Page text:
It is relatively often that people can find it difficult to differentiate between the two main divisions of the Scottish legal system and fully understand their characteristics. This assignment will explore the key differences between criminal and civil law in Scotland by delivering insight into the complexities of the court systems, procedures and disputes considered in both branches of Scots Law.
The Basic Distinction
Civil law proceedings generally consist of disputes between two private individuals or organisations and 'are undertaken to obtain a civil remedy' as opposed to the parties resorting to violence.
Typically a case can be commenced when an individual, an ...view middle of the document...
The same can not be said however for civil law where the burden of proof requires a mere 51% for the judge to come to a decision before ruling in favour of one of the two parties.
Court Structure and Disputes Considered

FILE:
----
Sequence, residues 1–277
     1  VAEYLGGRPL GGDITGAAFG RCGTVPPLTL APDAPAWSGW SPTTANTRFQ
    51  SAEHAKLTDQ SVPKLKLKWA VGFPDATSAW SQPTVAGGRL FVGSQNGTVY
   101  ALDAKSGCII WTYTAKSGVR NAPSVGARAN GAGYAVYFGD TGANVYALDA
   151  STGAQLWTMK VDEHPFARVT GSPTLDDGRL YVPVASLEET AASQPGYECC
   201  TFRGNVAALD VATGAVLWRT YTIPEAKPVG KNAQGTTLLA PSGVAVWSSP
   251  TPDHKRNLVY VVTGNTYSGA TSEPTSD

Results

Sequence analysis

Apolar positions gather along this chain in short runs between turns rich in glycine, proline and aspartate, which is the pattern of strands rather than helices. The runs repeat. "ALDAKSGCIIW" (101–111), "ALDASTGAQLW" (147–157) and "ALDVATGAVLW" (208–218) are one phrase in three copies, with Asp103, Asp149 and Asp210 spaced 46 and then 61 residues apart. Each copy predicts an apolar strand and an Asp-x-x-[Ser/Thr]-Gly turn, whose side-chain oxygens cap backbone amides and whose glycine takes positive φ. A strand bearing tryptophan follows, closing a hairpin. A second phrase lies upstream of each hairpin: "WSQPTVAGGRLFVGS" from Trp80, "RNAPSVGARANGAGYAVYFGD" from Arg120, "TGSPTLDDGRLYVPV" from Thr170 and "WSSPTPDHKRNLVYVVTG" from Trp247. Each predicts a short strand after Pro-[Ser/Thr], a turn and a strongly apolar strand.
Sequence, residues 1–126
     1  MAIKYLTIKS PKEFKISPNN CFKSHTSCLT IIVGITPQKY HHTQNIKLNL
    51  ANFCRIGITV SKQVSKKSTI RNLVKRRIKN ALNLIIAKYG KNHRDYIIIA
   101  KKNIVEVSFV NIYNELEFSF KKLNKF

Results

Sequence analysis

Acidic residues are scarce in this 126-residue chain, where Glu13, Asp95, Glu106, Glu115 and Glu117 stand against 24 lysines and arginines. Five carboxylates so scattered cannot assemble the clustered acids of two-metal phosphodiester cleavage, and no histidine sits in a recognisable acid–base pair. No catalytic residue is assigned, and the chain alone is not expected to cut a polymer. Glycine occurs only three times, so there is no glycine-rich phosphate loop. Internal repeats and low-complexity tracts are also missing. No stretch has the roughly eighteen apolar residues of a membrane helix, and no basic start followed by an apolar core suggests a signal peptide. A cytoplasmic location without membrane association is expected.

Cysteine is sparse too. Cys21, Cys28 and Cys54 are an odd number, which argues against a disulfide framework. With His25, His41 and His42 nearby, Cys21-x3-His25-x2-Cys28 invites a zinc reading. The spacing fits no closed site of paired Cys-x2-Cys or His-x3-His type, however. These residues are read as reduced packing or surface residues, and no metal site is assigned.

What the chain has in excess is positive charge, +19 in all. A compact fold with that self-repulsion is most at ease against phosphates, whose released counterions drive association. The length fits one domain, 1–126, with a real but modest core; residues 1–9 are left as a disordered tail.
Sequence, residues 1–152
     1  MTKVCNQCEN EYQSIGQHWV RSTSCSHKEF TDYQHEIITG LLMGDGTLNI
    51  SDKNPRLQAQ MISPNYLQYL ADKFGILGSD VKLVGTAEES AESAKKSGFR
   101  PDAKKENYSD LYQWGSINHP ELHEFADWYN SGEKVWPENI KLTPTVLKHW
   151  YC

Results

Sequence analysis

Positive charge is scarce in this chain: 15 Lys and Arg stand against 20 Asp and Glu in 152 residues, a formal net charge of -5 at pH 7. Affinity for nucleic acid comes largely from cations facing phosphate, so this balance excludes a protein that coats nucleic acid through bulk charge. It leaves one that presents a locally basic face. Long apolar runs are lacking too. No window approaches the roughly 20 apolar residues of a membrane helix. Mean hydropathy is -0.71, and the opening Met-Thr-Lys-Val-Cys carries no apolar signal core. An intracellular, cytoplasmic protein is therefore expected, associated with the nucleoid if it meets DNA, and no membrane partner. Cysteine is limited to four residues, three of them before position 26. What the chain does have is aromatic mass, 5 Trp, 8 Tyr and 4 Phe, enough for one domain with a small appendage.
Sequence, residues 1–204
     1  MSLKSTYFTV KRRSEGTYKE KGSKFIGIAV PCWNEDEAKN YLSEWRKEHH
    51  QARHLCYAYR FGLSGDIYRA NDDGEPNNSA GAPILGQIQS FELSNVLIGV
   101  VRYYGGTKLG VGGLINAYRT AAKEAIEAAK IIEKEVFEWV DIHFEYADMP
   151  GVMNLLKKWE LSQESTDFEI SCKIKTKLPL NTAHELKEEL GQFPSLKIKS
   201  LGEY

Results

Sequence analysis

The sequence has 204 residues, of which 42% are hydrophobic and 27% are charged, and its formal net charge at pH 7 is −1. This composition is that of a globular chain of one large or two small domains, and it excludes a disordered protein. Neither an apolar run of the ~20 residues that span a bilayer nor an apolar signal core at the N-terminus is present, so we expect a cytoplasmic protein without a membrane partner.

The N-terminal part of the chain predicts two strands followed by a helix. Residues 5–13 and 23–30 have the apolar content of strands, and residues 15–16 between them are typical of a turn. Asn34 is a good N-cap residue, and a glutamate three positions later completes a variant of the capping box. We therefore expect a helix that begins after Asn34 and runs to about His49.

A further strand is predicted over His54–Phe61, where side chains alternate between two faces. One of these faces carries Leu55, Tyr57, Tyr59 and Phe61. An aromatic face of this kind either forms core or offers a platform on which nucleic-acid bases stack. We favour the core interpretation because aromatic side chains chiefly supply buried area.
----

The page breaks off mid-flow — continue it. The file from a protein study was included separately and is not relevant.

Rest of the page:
Further noticeable differences are illustrated through the civil and criminal court structure, as well as the range of disputes that are considered in each court. The judiciary in Scotland is led by the Lord President of the Court of Session who also acts as the Lord Justice General of the High Court of the Justiciary.
Civil proceedings are typically held in one of three courts; The sheriff court, the Court of Session and the UK Supreme Court. The sheriff courts act as a forum for both criminal and private court actions and are organised into six sheriffdoms and 49 sheriff court districts. The courts consider disputes such as damages, rent restriction, divorce and breach of contract. As is with all trials in the sheriff court, cases that fall within its civil jurisdiction are administered by sheriffs under one of three different proceedures – the small claim, the summary cause and the ordinary cause. Small claims proceedures can deal with claims of £3000 or less, summary cause proceedures deal with claims between £3000 and £5000 while ordinary cause claims are between £3000 and above.
The Court of Session based in Edinburgh consists of two houses, the Outer House and the Inner House. The Outer House is a court of first instance and boasts a far-reaching jurisdiction throughout scotland with 24 judges known as ''Lords Ordinary'' who each hold individual sessions. The Inner House, for the most part, is an...